Five reasons to invest in Japan

Should you put your money into Japan? How likely are you to enjoy a handsome return from investing in this fascinating country?

As an open and cyclical market, it can be vulnerable to a global slowdown, particularly as it faces surging energy prices as a net energy importer. However, relative to other markets, there are good reasons why Japan may fare better than other peers.

Here we highlight five reasons why it could make sense to have some Japan exposure in your overall portfolio.

Reason one: Strengthening economy

The economy is expected to pick up from its slow start to the year, with GDP growth projected to be 1.7% in 2022 and 1.8% in 2023, according to a report from the OECD*.

“In the face of the Omicron wave and energy price surge, the Japanese government supported vulnerable households and affected businesses,” it stated. The study also highlighted how the government has acted to address supply bottlenecks, including taking action to support investment in semiconductor capacity.

People are flocking back to enjoy shopping, eating out and travelling in the wake of Covid-19 restrictions starting to ease, according to an update from the Comgest Growth Japan fund. “International tourists are gradually returning, and the direction of travel is heading towards economic normalisation,” it stated. Looking ahead, Comgest believes this revival in consumer spending and international tourism can help deliver a profit boost to businesses in these areas.

Reason two: Home to global companies

Japan is home to plenty of global household names. A look at the 10 largest holdings of the AXA Framlington Japan fund illustrates this point. The portfolio’s manager, Chisako Hardie, is vastly experienced and invests in long-term structural growth companies.

Toyota Motor Corp is currently her biggest single stock position with a 3.6% of assets under management**. The company, which was founded in August 1937, is one of the largest vehicle manufacturers in the world. Other prominent holdings include Daiichi Sankyo Co Ltd – the global pharmaceutical company, and Hitachi Ltd.**.

Reason three: Has enjoyed corporate reforms

Modern companies in Japan have certainly changed their approach over recent years – and this is a positive, according to M&G. In an analysis of opportunities earlier this year, it argued that the country may be the ‘best market globally’ for earnings growth over the coming decade.

Sunny Romo, investment specialist on the M&G Japan fund, told us more about this in a recent video interview, which you can watch here.

She also highlighted how reforms brought in by the late Shinzo Abe, during his time as Prime Minister, had transformed the Japanese corporate landscape, and paved the way for self-improvement.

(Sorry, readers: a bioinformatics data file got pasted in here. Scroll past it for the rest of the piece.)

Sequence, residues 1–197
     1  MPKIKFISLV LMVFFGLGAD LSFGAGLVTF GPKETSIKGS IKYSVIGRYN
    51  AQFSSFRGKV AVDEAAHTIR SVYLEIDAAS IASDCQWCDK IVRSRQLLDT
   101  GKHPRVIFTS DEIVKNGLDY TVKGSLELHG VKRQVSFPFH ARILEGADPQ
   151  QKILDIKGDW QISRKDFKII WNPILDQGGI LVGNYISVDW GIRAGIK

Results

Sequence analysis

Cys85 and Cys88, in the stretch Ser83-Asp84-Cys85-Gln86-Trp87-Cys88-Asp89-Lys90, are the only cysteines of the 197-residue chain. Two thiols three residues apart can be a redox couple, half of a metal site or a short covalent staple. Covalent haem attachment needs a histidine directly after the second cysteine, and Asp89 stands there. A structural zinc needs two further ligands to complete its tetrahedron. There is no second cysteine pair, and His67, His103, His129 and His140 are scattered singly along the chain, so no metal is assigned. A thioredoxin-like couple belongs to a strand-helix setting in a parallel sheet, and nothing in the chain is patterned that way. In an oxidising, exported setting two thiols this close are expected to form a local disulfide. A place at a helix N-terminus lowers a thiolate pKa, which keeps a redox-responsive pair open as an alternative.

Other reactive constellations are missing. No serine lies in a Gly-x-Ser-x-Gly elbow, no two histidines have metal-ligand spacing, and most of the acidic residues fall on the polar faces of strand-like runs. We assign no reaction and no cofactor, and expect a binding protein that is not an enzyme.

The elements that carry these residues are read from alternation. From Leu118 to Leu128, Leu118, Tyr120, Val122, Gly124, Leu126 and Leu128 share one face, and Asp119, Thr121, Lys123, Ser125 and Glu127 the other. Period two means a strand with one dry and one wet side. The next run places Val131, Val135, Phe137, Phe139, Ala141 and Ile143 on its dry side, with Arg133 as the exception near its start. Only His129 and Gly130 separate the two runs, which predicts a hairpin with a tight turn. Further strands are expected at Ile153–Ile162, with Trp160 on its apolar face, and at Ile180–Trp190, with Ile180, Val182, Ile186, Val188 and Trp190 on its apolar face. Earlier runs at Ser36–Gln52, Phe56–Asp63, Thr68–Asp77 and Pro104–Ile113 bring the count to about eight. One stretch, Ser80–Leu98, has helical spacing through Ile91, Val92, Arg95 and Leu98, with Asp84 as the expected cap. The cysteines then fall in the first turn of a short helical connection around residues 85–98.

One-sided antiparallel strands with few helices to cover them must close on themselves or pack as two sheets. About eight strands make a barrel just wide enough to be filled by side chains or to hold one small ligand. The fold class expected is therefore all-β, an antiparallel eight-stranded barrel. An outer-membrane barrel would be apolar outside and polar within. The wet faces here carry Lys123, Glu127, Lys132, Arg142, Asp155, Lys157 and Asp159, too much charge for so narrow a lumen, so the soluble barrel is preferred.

Reason four: Companies are looking healthy

Archibald Ciganer, manager of the T. Rowe Price Japanese Equity fund, is relatively optimistic about the financial well-being of many companies. “Despite the current uncertainty in the global economy, Japan’s corporates continue to buy back stock and return capital to shareholders at record levels,” he said.

The Tokyo-based manager, who has run the portfolio since December 2013, believes there are two reasons why this can be seen as a positive. “This is a very encouraging sign about the health of the corporates, in our view, as well as signalling the ongoing improvement in corporate governance at the company level in Japan,” he said. What’s more, these companies are relatively cheap. “With Japan trading below average, we believe an economic slowdown is priced in,” commented the T. Rowe Price team. “If the world can orchestrate a soft-landing for the Global economy, Japan has the potential to re-rate from attractive level in our view.”

Reason five: Plenty of choice for managers

There are plenty of attractive companies in this country for portfolio managers to consider, according to the Baillie Gifford Japanese fund, which is run by Matthew Brett. “We believe the Japanese equity market offers active managers a broad selection of high-quality companies capable of delivering attractive and sustainable earnings growth for shareholders,” the team stated.

“In contrast to other major markets, growth often commands little or no valuation  premium in Japan,” it added. “We continue to identify global leading businesses which trade on a substantial discount to their peers.”

Matthew also says that the weaker yen has been helpful to exporters that had been facing less demand due to the slowdown in the global economy – a point also made by the team at T. Rowe Price.

“We think the yen is undervalued, trading around 25-year lows versus the USD,” it said. “The weak yen has been supportive for Japan’s competitiveness and has been a boon for the exporters. The primary driver of yen weakness is high US inflation. In Japan however, inflation remains broadly in line with the Bank of Japan’s target; they do not need to hike interest rates.”

Elsewhere, Sophia Li and Martin Lau, who run the FSSA Japan Focus fund, are currently positioned towards firms with exposure to domestic demand due to the global uncertainties.

“The companies we like to own are managed by strong management teams and can generate sustainable earnings growth and return on equity without relying on leverage or the macro environment,” they said.

*Source: OECD, Japanese Economic Snapshot, Economic Forecast Summary, June 2022
**Source: fund factsheet, 30 September 2022

Photo by Jezael Melgoza on Unsplash

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